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NEW YORK -- Customers will demand higher performance 64-bit computing, which until now has been reserved only for buyers of costly proprietary architectures, said AMD President and CEO Hector Ruiz Tuesday.
Speaking here at AMD's launch event for the new Opteron 64-bit processor, the 57-year-old chief executive said customers are demanding greater performance because more powerful applications are driving demand for 64-bit computing.
"It is time for all of us in the technology industry to change our ways," said Ruiz, who was joined by AMD Founder and Chairman Jerry Sanders and even NBC Sports personality Bob Costas along with media and analysts at the launch. "New technologies should not introduce new barriers, it should knock them down."
AMD called Opteron the world's first 64-bit processor compatible with Intel's industry-standard x86 architecture, and with the highest performing 2-way and 4-way processor for servers.
Opteron is made up of 100 million transistors built on 130 nanometer technology, Sanders explained. "It's smaller than your smallest fingernail. The 64-bit Opteron is a technological tour de force," the founder said.
The launch marks the first time the company has focused its guns on a market other than the personal computers. And it doesn't come without a price. The Sunnyvale, Calif. chipmaker has weathered through several delays in its four-year mission to get the processor out the door.
But Opteron also comes at a time when recession-weary IT buyers are tossing aside their costly RISC/Unix-based architectures in favor of the economical and scalable CISC, or x86, solutions that were long championed by AMD's chief rival, Intel. And with Microsoft's next-generation Windows Server 2003 slated for the launching pad later this week, IT buyers will have even lower entry points in order to take advantage of computing performance that was once reserved only for mainframes.
AMD has initially introduced three models -- the 240, 242 and 244 -- scalable up to 2-way servers. AMD also will introduce an 800 series for up to 8-way servers later in this quarter and expects a 100 series for 1-way servers by the fall. Prices for the 200 series of the AMD Opteron processor start at $283 each in lots of 1,000.
AMD is hoping the Opteron's lower cost-of-entry will attact users who want to run compute- or memory-intensive applications like enterprise resource planning or database management solutions but can't afford to scrap their existing x86 infrastructure, which is predominantly based on 32-bit computing.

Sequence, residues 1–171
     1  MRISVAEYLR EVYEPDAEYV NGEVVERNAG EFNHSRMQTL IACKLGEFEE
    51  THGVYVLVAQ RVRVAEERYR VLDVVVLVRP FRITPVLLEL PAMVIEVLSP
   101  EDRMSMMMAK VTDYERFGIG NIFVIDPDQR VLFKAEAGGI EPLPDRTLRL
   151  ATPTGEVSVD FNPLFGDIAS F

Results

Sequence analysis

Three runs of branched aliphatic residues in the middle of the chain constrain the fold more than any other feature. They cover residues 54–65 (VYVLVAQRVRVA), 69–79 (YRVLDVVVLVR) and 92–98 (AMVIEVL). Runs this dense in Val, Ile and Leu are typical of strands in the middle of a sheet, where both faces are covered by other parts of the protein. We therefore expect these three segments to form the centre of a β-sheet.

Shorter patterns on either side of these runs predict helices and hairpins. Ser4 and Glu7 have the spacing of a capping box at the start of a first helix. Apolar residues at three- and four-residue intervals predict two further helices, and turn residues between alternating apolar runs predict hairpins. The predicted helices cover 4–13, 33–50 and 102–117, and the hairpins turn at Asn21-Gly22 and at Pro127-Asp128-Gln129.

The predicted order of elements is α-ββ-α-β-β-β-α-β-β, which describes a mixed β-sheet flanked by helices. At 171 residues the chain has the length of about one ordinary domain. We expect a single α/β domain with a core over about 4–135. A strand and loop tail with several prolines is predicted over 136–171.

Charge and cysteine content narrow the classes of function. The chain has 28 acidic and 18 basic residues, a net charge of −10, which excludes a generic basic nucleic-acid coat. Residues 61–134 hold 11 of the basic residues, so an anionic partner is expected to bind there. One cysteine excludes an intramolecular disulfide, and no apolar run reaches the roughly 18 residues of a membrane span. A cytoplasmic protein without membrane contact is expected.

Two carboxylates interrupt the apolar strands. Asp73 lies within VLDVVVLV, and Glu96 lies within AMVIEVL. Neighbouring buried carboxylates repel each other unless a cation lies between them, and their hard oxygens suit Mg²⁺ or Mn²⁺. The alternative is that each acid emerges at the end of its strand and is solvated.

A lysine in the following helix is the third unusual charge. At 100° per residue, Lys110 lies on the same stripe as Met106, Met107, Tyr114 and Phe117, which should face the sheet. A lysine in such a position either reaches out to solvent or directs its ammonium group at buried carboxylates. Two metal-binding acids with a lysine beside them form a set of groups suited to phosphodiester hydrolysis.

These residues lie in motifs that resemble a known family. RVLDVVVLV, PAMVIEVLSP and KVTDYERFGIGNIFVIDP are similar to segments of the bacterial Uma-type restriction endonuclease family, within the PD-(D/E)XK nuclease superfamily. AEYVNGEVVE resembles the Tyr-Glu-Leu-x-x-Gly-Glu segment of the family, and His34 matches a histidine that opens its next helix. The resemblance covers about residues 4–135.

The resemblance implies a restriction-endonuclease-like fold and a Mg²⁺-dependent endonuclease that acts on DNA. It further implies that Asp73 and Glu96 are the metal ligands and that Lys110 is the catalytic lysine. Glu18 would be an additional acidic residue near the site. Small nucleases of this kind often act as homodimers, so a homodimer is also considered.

In this sense, AMD has come up with the unique value proposition of being compatible with 32-bit legacy systems while still offering the capabilities of 64-bit processing. In other words, companies that want to upgrade no longer need to put software engineers and developers through timely and costly integration projects.
In order to capitalize on that, though, AMD on Tuesday also formalized its 64-bit computing platform under the "AMD64" brand with the ultimate goal of building as strong of an ecosystem as the one that surrounds the so-called WinTel ecosystem. The AMD64 platform will include the Athlon workstation processor that is set for release later in the fall.
As such, Ruiz rolled out software partner after partner like SuSE, Redhat, Oracle 9i, Computer Associates, IBM db2 and even Microsoft SQL Server.
"These are the weeks you live for," said Brian Valentine, senior vice president of Microsoft's Windows division, referring to the Redmond, Wash., company's own Windows Server 2003 launch event on Thursday. But while Microsoft repeated its commitment to 64-bit computing, he added the beta version of Windows Server 2003 won't be immediately available this week but will be by mid-2003.
Other hardware partners included guests such as Mark Shearer, VP of eServer Systems at IBM, which will delivery an Opteron-based server platform and pledged to use the technology in its super-computing on-demand community. Also, Fujitsu-Siemens announced it plans to offer a high-end line of graphic workstations based on Opteron.